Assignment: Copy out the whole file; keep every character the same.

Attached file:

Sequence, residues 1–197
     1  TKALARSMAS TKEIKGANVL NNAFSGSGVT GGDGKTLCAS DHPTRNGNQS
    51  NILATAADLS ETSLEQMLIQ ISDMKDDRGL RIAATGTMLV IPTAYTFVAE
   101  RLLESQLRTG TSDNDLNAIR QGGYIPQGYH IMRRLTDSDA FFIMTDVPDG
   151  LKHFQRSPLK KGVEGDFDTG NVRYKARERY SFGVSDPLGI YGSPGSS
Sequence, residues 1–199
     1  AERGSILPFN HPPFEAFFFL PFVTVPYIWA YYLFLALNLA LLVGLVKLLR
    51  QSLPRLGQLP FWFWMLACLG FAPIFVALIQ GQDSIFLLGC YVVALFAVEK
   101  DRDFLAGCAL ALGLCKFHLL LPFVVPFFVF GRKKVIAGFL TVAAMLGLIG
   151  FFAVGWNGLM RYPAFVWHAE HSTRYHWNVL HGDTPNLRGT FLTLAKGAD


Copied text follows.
Sequence, residues 1–197
     1  TKALARSMAS TKEIKGANVL NNAFSGSGVT GGDGKTLCAS DHPTRNGNQS
    51  NILATAADLS ETSLEQMLIQ ISDMKDDRGL RIAATGTMLV IPTAYTFVAE
   101  RLLESQLRTG TSDNDLNAIR QGGYIPQGYH IMRRLTDSDA FFIMTDVPDG
   151  LKHFQRSPLK KGVEGDFDTG NVRYKARERY SFGVSDPLGI YGSPGSS
Sequence, residues 1–199
     1  AERGSILPFN HPPFEAFFFL PFVTVPYIWA YYLFLALNLA LLVGLVKLLR
    51  QSLPRLGQLP FWFWMLACLG FAPIFVALIQ GQDSIFLLGC YVVALFAVEK
   101  DRDFLAGCAL ALGLCKFHLL LPFVVPFFVF GRKKVIAGFL TVAAMLGLIG
   151  FFAVGWNGLM RYPAFVWHAE HSTRYHWNVL HGDTPNLRGT FLTLAKGAD